At The Movies: A woman warrior and her tribe fight the Predator in Prey

A movie still from Prey starring Amber Midthunder (centre). PHOTO: THE WALT DISNEY COMPANY

Prey (M18)

100 minutes, premieres Aug 5 on Disney+, 4 stars

The story: This prequel to the Predator science-fiction action franchise (four films from 1987 to 2018) is set in North America in the 1700s. Young Comanche woman Naru (Amber Midthunder) yearns to attain the rank of elite hunter, but her people give that honour only to men. Despite this, she continues to train in weapons and the healing arts. Naru has a nasty encounter with a supernaturally powerful collector of animal and human heads, but no one believes her.

Two reasons to watch the fifth instalment in the Predator series:

1. A girl with smarts, instead of bros with guns

The Predator franchise is known for bloody violence, sardonic humour, military hardware and simple, standalone survival stories - cocky soldiers meet the Predator, they underestimate the alien, screams and falling body parts ensue.

This movie breaks the formula by replacing the bro cynicism with earnest pleas to save the tribe from annihilation.

This being 1719, the Comanche use their knowledge of the land to mount a defence. Naru witnesses the carnage and has a violent coming-of-age journey.

2. A sense of place and time

Visually, this movie's wash of tans and beiges is about as ravishing as a brown carpet.

It is unlike the adventure film The Last Of The Mohicans (1992), which was a feast for the eyes, or the survival drama The Revenant (2015), which had an epic scale. Both stories - set around the same time and place as Prey - had budgets that could make the wilderness look as lush or as severe as the directors wanted.

Instead, Prey's director Dan Trachtenberg (science-fiction thriller 10 Cloverfield Lane, 2016), working with fewer resources, keeps a focus on the Comanche people pitting their brains and warrior ethic against an enemy with god-like powers.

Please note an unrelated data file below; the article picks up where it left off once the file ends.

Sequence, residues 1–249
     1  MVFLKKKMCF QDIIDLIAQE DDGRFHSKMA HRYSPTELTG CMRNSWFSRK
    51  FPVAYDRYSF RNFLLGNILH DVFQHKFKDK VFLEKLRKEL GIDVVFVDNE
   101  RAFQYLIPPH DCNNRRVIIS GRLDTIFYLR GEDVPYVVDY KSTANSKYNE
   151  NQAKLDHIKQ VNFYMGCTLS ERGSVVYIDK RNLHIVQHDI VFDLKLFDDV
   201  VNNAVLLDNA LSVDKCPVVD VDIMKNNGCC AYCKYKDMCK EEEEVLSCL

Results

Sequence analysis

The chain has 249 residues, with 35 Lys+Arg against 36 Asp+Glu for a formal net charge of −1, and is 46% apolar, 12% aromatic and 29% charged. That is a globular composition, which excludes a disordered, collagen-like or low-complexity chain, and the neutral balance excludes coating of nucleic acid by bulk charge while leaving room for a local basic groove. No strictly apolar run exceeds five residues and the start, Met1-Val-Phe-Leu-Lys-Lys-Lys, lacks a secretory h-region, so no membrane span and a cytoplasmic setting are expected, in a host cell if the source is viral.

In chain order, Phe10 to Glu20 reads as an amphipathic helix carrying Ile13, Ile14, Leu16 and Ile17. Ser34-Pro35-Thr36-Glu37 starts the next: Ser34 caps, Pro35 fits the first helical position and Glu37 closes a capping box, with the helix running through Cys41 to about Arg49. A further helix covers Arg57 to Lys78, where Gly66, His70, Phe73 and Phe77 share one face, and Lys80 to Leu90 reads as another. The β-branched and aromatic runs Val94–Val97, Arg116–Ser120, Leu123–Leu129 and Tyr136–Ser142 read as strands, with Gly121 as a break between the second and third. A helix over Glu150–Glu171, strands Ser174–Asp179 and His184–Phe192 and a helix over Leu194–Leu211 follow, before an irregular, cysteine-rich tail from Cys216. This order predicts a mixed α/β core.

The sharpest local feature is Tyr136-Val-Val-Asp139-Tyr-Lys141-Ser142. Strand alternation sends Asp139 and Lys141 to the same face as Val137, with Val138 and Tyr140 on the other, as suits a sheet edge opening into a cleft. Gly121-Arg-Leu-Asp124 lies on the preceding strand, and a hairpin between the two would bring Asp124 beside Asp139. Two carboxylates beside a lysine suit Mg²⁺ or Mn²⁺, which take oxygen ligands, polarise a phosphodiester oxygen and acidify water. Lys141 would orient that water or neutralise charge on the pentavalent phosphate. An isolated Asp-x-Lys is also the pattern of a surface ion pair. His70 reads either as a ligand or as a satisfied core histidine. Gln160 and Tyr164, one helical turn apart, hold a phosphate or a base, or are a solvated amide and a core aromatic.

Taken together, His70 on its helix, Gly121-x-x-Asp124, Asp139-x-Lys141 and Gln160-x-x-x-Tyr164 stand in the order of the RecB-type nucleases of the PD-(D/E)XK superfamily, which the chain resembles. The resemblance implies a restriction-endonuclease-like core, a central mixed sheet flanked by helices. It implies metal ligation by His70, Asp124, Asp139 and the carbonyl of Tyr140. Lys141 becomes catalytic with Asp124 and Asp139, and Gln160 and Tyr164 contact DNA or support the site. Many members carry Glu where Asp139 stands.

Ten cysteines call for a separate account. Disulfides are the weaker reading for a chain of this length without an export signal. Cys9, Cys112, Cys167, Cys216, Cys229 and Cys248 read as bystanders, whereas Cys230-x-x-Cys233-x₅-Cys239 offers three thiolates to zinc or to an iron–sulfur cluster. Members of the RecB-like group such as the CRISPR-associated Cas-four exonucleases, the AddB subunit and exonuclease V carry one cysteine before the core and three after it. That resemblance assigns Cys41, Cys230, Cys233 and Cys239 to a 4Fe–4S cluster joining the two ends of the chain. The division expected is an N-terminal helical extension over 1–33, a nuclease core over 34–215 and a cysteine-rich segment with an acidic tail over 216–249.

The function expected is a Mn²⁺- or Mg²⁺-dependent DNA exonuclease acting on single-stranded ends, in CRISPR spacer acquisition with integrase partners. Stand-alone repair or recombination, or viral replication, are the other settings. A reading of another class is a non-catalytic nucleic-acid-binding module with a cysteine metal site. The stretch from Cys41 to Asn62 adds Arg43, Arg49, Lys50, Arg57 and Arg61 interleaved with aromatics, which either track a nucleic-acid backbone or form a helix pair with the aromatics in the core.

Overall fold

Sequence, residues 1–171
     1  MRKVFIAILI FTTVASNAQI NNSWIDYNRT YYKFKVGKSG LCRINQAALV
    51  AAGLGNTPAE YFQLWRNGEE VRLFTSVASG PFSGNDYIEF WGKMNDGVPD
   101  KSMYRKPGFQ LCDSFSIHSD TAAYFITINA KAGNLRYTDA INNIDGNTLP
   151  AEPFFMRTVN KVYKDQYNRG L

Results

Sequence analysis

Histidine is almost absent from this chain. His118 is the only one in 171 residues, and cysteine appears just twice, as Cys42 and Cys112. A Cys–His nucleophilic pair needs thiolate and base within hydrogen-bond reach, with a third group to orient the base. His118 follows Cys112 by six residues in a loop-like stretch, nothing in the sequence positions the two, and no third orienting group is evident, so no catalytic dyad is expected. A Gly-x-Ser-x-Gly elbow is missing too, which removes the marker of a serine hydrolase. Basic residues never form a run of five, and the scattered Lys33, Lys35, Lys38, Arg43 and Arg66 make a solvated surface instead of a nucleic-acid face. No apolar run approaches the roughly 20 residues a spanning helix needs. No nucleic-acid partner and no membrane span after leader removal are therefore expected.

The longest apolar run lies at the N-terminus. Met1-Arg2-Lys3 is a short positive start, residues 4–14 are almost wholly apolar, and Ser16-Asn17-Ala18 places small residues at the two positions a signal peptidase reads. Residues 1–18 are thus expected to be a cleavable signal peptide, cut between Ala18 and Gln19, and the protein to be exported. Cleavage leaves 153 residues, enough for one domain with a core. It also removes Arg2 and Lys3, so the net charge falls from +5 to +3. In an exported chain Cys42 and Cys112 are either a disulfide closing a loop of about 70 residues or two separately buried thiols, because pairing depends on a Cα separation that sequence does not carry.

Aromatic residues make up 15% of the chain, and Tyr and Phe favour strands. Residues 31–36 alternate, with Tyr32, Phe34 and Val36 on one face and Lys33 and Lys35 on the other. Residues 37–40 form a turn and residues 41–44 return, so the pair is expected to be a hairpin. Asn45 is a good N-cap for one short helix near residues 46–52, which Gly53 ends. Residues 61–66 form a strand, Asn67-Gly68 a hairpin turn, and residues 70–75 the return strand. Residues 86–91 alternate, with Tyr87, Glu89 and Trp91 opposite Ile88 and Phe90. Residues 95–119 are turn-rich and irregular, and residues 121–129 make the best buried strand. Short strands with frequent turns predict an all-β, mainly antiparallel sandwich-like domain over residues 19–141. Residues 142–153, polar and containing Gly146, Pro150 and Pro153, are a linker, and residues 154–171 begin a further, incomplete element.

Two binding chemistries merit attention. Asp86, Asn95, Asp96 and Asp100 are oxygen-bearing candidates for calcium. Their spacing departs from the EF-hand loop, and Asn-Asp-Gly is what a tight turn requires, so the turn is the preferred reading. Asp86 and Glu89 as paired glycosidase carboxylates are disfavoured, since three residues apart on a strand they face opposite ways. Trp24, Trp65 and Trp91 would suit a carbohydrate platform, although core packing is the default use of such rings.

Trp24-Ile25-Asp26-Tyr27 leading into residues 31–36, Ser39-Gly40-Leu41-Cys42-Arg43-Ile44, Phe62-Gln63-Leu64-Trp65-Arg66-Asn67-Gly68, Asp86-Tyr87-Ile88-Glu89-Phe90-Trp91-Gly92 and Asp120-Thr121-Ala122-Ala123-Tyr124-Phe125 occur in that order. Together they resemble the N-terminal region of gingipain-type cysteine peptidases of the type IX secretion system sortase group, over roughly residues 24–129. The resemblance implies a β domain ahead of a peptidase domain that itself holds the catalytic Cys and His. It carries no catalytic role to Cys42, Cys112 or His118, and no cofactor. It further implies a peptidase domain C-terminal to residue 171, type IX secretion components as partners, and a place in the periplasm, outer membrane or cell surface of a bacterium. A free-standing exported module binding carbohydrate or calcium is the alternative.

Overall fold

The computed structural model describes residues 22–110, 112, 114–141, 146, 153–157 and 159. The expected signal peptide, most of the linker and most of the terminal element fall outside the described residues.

The film is also free of the cliches that sunk Cowboys & Aliens (2011), a Western with a concept similar to Prey's.

Thirteen Lives (PG13)

A movie still from Metro Goldwyn Mayer Pictures' Thirteen Lives. PHOTO: METRO GOLDWYN MAYER PICTURES


147 minutes, premieres Aug 5 on Amazon Prime Video, 4 stars

The story: This dramatisation of the 2018 Tham Luang cave rescue in northern Thailand traces the event from the beginning when the Wild Boars youth football team and their coach hike into the 10km-long cave. A downpour floods the system, trapping the team inside. Government officials take over. The Thai Navy Seal team arrives. British cave divers Richard Stanton (Viggo Mortensen) and John Volanthen (Colin Farrell) are called in. With the help of Australian diver and anaesthetist Richard Harris (Joel Edgerton), a risky extraction plan is devised.

Two reasons to watch this re-enactment from director Ron Howard:

1. It does not ignore the Thai effort

There was wide media coverage of the efforts made by the Thais to support the rescue, such as farmers giving permission for their fields to be drowned by water pumped from the caves, the army of volunteers racing to construct drainage systems in the pelting rain and ordinary citizens showing up to volunteer as labourers.

Howard's story makes sure to highlight these contributions. The Buddhist faith of the Thais is made prominent.

The secretive nature of the Thai Seals made it difficult at the time to address their presence, but this movie shows just how vital their work had been.

There is a behind-the-scenes look at how, after the boys had been found alive, the divers' mood of elation lasted only a short time, because a corpse retrieval mission would have been hard but doable, while a rescue seemed impossible. How could they move the boys through kilometres of twisty, narrow caverns filled with raging currents?

2. It gets to the emotional core of the operation

If you want a breakdown of the "how they did it" question, turn to the gripping documentary The Rescue (2021, available on Disney+), which includes interviews with Volanthen and Stanton, complete with maps of the cave.

But if you want to sense the mood in the room when Harris (Edgerton) describes his last-ditch plan, feel the power of the faithful gathered in prayer, step into the shoes of parents awaiting news in the tent city, or know the boys' reaction when rescue divers tell them the time has come for the extraction, this movie has those covered.

Even if you know how it ended, it is a ride that should leave viewers emotionally wrung out.

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